(COMx), an infrared (IrDA) port, a
universal serial bus (USB) port, or a 1394
port (Firewire)
     Using a Network-Interface
              Printer
If your print device
has a built-in
Ethernet adapter
– On the Local Or
  Network Printer page of
  the Add Printer Wizard,
  select the local printer
  option and clear the
  automatic-detection
  option.
    Using a Network-Interface
             Printer
– On the Select A
  Printer Port page,
  select Create A New
  Port and then select
  Standard TCP/IP
  Port
     Using a Network-Interface
              Printer
– On the Add Port
  page, type the IP
  address of the
  printer
Setting Permissions on Shared
           Printers
When you set up a printer, initially all
users in the Everyone group have Print
permission for documents they create
 – Provides access to the printer
 – Ability to manage their own documents in the
   print queue
And by default, members of the
Administrators and Power Users groups
also have Manage Printers and Manage
Documents permission
Printer Permissions: Print, Manage
   Printers, Manage Documents
 Print
 – Print documents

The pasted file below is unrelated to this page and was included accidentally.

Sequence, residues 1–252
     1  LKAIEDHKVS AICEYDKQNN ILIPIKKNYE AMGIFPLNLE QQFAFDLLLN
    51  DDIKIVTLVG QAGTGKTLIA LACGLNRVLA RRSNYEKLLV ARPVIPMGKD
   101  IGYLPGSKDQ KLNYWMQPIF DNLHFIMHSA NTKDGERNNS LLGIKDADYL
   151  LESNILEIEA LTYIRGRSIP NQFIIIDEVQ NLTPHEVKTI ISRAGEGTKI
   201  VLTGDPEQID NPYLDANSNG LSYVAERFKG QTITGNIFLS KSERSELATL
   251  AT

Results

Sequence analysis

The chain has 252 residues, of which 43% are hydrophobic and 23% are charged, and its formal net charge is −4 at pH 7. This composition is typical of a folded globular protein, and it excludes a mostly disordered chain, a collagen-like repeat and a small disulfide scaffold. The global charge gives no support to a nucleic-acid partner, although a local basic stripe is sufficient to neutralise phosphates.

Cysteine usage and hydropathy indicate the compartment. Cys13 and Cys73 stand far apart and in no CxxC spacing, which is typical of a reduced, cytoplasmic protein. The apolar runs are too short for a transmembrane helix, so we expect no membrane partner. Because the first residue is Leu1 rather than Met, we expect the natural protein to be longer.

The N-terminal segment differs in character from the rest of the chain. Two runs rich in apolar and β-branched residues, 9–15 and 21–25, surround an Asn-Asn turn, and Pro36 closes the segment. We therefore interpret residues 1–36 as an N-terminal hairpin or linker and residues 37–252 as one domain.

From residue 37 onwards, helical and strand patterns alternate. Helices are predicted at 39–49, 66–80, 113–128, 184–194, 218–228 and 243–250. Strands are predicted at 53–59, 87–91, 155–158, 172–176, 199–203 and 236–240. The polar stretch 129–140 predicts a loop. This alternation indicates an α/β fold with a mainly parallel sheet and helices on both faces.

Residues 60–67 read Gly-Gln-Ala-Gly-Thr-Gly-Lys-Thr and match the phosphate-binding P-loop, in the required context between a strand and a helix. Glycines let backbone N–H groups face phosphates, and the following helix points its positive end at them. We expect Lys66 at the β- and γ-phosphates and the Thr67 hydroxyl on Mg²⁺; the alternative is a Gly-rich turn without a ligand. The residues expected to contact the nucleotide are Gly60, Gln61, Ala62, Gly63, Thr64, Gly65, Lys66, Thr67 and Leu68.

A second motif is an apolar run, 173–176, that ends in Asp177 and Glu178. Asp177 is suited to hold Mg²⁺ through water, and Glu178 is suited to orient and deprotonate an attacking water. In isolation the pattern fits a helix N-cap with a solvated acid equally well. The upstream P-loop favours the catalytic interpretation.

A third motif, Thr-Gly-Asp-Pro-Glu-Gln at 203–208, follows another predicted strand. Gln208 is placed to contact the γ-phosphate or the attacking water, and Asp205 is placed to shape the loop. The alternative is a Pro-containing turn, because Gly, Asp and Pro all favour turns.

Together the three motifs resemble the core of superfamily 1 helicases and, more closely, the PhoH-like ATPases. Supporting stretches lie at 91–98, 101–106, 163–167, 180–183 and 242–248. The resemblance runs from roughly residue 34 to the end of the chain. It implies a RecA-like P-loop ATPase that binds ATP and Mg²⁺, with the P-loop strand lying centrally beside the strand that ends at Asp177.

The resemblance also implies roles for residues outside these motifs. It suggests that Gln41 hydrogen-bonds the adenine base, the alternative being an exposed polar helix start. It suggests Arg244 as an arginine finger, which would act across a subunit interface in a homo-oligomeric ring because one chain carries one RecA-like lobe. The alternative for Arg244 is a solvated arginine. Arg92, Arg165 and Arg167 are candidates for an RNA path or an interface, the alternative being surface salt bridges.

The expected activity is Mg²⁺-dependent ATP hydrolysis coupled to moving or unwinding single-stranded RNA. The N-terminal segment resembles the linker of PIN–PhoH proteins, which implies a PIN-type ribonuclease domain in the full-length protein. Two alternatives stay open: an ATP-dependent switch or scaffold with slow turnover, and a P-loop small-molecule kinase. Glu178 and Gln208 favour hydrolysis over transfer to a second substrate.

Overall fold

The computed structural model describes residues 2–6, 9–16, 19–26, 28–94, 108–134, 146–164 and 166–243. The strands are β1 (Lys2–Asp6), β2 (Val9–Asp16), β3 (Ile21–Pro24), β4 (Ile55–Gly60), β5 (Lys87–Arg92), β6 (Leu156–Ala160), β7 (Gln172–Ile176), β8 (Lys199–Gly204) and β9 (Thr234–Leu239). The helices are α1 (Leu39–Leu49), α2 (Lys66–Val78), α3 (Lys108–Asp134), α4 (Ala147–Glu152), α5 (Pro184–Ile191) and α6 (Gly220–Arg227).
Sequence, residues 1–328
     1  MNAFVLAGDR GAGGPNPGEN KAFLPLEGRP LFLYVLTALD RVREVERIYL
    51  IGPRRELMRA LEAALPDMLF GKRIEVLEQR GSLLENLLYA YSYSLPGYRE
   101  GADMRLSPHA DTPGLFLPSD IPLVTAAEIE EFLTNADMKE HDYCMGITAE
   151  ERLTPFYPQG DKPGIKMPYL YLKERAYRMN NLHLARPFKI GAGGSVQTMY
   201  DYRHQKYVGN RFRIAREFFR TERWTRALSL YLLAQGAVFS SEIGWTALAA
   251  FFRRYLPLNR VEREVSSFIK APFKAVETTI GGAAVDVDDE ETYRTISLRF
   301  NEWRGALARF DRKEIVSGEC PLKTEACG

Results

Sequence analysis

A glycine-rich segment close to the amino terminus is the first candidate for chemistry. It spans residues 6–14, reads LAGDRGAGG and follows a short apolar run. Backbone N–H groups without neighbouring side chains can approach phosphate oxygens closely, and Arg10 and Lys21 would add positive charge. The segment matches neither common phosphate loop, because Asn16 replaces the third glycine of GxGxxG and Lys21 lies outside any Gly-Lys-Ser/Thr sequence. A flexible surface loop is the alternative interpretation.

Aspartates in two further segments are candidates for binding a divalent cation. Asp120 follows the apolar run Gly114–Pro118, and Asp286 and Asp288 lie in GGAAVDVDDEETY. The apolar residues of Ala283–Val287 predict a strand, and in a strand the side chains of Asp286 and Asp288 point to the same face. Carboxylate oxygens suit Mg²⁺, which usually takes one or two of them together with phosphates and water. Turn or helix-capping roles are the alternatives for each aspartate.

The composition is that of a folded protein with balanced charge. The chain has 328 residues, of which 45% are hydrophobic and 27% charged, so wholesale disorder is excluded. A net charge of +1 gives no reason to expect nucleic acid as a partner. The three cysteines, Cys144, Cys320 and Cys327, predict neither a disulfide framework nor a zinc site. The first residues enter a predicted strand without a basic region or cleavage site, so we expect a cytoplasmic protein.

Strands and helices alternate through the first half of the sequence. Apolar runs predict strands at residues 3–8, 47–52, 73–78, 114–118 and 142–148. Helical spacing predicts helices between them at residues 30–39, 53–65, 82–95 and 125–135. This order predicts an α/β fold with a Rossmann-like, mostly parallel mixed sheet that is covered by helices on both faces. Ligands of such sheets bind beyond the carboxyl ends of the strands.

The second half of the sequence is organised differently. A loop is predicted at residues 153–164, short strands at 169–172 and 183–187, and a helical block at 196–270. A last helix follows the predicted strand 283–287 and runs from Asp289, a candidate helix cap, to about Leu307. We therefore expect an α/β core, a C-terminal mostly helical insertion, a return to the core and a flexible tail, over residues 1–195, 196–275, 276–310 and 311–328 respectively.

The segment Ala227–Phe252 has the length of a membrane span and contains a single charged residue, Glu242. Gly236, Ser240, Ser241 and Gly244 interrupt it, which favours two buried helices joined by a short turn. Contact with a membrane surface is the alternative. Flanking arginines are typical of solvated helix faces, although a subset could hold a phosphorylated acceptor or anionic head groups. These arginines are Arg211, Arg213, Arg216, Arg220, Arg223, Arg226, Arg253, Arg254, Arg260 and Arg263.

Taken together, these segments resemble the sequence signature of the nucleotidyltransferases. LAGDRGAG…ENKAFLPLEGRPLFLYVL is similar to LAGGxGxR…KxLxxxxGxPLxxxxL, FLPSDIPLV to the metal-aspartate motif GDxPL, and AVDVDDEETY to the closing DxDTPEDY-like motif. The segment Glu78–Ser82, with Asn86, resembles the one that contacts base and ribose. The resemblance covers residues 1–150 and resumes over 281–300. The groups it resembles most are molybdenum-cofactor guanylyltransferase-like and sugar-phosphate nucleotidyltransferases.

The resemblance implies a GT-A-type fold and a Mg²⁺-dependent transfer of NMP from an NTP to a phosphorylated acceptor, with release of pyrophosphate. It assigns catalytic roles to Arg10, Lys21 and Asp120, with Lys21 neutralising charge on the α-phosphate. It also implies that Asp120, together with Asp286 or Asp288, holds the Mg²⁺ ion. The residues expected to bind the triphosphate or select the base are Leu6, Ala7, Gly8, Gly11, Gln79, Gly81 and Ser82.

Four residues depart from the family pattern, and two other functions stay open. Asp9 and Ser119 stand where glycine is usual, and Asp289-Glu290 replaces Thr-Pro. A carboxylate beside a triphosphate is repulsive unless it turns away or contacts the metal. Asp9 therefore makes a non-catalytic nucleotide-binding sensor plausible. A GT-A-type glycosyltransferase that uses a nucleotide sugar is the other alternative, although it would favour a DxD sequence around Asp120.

– Control properties of
   owned documents
 – Pause, restart, and
   remove owned
   documents
Printer Permissions: Print, Manage
   Printers, Manage Documents
 Manage Printers
 –   Share printer
 –   Change printer properties
 –   Remove printer
 –   Change printer permissions
 –   Pause and restart the printer
Printer Permissions: Print, Manage
   Printers, Manage Documents
 Manage Documents
 – Pause, restart, move, and remove all queued
   documents
 A user account that doesn’t have any of
 these permissions can’t connect to the
 printer, print to it locally, or view its queue.
      Hours of Availability
The Advanced tab
of the printer’s
properties dialog
box
– Always Available
  and Available From
           Priority and Drivers
Priority
– If you create multiple
  printers for a single print
  device, documents sent to
  the printer with the higher
  Priority setting print ahead
  of those sent to the other
  printer
Driver
– Shows all installed printer
  drivers
                 Spooling
Spool settings
– A Spooled document
  is spooled to a hard
  disk before sending it
  to the printer
– Spooled documents
  are then sent to the
  print device in the
  background
   Location of the Spool File




C:\windows\system32\spool\printers
To adjust it, click File, Server Properties in the
Printers and Faxes folder
– Go to the Advanced tab
This is not in the lecture notes, but it’s in the
textbook
                Spooling
Hold Mismatched Documents
– Documents that can’t print because the
  document’s properties don’t match printer
  properties are held in the queue